The collateral aspect of this loan type makes getting approved for a loan easier for those with a tarnished credit history. Moreover, borrowers can avoid the stigma of co-signed loans hovering over their credit reports.

When considering taking on a co-signed loan, giving long-term goals equal importance as short-term goals can help borrowers decipher whether co-signed loans are the best option for all parties involved.

Related Articles
  1. Savings

    These 10 Habits Will Help You Reach Financial Freedom

    Learn 10 key habits for achieving financial freedom, including smart budgeting, staying abreast of new tax deductions and the importance of proper maintenance.
  2. Credit & Loans

    Have Bad Credit? 6 Ways to a Personal Loan Anyway

    It'll cost you more, but borrowing is definitely doable. Here's how to proceed.
  3. Investing

    How to Raise Your Credit Score Quickly

    Here are the best tips for raising your credit score quickly.
  4. Credit & Loans

    How Credit Card Delinquency Works

    When you pay less than the minimum monthly payment on your credit cards, you become delinquent.
  5. Credit & Loans

    5 Bad Moves That Will Torpedo Your Credit Score

    Your credit score can change if you aren't careful. From missing payments to carrying high balances, there are many ways to torpedo your credit score.
  6. Credit & Loans

    5 Common Misconceptions About Your Credit Report

    Your credit report is one of the most important factors in determining your ability to get loans and new credit and has a major influence on your rates.
  7. Savings

    The 5 Dumbest Financial Moves You Can Make

    Learn how these dumb financial mistakes can ruin your long-term financial future, and how making wise financial decisions in the present pays off in the future.
  8. Home & Auto

    The Smartest Way to Tap Your Home Equity

    Using your home as a source of funds can be a smart choice in some situations. Just be sure to carefully run the numbers.
  9. Personal Finance

    What Happens To Your Student Debt If You Die?

    What happens to student debt when you die? It all depends on the lending agency.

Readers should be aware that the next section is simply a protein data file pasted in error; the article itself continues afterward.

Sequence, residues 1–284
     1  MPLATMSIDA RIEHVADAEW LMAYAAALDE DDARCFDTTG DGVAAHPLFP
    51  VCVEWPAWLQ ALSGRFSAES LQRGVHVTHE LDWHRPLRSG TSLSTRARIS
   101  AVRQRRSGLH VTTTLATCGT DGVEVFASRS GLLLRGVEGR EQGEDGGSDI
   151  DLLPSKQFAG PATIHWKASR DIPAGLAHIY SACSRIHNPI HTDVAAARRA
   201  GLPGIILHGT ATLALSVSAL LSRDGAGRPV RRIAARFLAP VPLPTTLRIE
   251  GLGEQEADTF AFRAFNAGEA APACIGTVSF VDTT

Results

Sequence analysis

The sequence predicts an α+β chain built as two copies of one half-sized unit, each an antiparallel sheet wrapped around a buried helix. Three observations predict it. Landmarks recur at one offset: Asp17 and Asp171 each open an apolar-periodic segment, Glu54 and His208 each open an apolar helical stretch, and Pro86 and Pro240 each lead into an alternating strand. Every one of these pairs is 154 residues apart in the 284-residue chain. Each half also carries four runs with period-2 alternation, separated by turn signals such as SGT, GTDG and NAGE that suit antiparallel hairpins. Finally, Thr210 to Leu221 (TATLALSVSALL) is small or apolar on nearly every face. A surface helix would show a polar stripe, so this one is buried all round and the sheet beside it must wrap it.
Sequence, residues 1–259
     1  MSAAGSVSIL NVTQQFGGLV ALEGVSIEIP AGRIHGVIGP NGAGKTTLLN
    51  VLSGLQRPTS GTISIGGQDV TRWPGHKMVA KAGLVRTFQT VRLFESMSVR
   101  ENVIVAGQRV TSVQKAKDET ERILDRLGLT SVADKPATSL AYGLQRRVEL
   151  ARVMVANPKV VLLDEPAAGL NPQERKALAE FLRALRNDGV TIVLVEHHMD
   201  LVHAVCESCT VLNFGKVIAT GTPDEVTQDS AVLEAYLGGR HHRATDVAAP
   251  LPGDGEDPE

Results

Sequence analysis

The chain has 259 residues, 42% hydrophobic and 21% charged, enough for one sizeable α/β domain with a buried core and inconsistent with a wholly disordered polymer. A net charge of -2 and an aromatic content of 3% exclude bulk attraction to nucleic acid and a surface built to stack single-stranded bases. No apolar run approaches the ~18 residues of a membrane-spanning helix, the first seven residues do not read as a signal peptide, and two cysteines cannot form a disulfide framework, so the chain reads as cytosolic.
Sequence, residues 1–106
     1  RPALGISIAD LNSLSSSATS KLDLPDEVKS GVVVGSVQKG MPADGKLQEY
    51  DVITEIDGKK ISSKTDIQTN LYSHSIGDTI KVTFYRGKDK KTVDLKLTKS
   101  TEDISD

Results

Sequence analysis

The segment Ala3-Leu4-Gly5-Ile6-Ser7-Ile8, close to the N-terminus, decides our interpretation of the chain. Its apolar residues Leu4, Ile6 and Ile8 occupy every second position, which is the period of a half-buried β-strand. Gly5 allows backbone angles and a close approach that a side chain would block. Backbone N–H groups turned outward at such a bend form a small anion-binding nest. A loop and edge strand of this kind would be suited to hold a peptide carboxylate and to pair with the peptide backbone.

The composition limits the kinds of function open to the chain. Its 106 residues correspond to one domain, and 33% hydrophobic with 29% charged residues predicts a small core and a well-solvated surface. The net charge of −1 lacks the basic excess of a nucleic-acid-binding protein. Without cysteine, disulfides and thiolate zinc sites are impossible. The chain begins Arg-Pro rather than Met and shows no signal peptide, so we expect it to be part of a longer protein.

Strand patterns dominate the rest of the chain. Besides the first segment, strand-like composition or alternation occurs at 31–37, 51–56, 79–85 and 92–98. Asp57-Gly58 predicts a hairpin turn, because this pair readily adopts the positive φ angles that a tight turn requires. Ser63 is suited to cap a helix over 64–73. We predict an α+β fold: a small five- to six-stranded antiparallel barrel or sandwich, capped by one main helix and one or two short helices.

10. Credit & Loans

    How ‘Real’ Is Your Free Score From Credit Karma?

    A free credit score sounds good, but is it worth giving up your personal information to get one online?
  1. Do free credit reports affect your credit score?

    Free credit reports do not impact your credit score. Credit inquiries are divided into two categories: soft inquiries and ... Read Full Answer >>
  2. Does a free credit report show your credit score?

    The free credit reports available from the three credit reporting agencies do not include your credit score. Under the 2 ... Read Full Answer >>
  3. Is getting a free credit report safe?

    Getting a free credit report can be safe if you are careful about the particular website from which you get it. Credit reports ... Read Full Answer >>
  4. How accurate are free credit reports?

    Free credit reports are usually considered mostly accurate, which is why it is important to regularly examine your own reports. ... Read Full Answer >>
  5. Can a Best Buy credit card help you build credit?

    A Best Buy credit card can be used to help improve your credit score and credit history as long as you use the card responsibly. ... Read Full Answer >>
  6. Are personal loans bad for your credit score?

    Taking out a personal loan is not bad for your credit score in and of itself. However, there are several factors that come ... Read Full Answer >>

You May Also Like

Trading Center